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Blood. 2013 Feb 14;121(7):1094-101. doi: 10.1182/blood-2012-05-429993. Epub 2012 Dec 14.

Induction of megakaryocyte differentiation drives nuclear accumulation and transcriptional function of MKL1 via actin polymerization and RhoA activation.

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Departments of Cell Biology, Yale University School of Medicine, New Haven, CT 06520-8073, USA.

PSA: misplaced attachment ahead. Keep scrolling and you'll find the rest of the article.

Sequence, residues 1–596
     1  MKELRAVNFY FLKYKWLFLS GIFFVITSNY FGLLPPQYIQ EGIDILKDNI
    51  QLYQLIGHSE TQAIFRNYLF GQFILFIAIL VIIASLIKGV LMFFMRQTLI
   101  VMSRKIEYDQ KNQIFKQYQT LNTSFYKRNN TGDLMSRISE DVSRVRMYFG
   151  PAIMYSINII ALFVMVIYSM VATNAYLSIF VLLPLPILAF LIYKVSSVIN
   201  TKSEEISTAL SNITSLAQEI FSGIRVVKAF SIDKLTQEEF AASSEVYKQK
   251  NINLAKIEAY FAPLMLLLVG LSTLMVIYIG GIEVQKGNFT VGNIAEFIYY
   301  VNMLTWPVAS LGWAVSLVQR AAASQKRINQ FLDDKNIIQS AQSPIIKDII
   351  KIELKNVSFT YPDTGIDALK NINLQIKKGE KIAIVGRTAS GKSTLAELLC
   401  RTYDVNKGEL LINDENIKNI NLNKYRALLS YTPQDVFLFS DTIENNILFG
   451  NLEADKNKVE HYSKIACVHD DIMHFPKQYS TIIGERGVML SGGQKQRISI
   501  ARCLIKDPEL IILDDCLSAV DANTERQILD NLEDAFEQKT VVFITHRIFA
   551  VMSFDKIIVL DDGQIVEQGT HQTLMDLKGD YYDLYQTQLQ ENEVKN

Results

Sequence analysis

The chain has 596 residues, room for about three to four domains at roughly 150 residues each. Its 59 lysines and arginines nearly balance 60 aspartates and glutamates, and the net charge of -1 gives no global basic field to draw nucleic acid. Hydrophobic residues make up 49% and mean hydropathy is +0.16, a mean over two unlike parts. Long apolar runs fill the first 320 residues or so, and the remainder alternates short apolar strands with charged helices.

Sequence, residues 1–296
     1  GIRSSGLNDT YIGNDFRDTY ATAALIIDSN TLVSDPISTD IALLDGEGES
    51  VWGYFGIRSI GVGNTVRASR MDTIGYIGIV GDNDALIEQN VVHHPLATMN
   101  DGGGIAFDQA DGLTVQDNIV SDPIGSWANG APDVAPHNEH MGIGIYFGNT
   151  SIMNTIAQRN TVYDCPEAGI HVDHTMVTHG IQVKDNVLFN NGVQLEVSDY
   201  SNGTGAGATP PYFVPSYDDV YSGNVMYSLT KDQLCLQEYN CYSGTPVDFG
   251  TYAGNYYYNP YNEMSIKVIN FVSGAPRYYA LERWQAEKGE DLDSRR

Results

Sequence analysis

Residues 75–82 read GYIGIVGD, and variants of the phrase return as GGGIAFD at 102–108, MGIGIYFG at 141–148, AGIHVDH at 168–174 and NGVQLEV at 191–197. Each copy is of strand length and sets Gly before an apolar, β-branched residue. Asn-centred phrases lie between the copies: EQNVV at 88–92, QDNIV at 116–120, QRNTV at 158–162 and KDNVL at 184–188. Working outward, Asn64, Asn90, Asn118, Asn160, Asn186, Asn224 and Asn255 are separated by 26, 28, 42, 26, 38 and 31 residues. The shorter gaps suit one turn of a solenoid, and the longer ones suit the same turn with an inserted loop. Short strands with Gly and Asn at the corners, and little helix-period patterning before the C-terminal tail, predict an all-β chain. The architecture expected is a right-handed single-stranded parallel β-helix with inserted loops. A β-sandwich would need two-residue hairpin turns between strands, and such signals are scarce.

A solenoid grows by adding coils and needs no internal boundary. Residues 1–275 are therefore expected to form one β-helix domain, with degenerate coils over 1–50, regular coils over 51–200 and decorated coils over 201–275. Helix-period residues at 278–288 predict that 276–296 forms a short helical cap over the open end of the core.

How components of the cytoskeleton regulate complex cellular responses is fundamental to understanding cellular function. Megakaryoblast leukemia 1 (MKL1), an activator of serum response factor (SRF) transcriptional activity, promotes muscle, neuron, and megakaryocyte differentiation. In muscle cells, where MKL1 subcellular localization is one mechanism by which cells control SRF activity, MKL1 translocation from the cytoplasm to the nucleus in response to actin polymerization is critical for its function as a transcriptional regulator. MKL1 localization is cell-type specific; it is predominantly cytoplasmic in unstimulated fibroblasts and some muscle cell types and is constitutively nuclear in neuronal cells. In the present study, we report that in megakaryocytes, subcellular localization and regulation of MKL1 is dependent on RhoA activity and actin organization. Induction of megakaryocytic differentiation of human erythroleukemia cells by 12-O-tetradecanoylphorbol-13-acetate and primary megakaryocytes by thrombopoietin promotes MKL1 nuclear localization. This MKL1 localization is blocked by drugs inhibiting RhoA activity or actin polymerization.We also show that nuclear-localized MKL1 activates the transcription of SRF target genes. This report broadens our knowledge of the molecular mechanisms regulating megakaryocyte differentiation.

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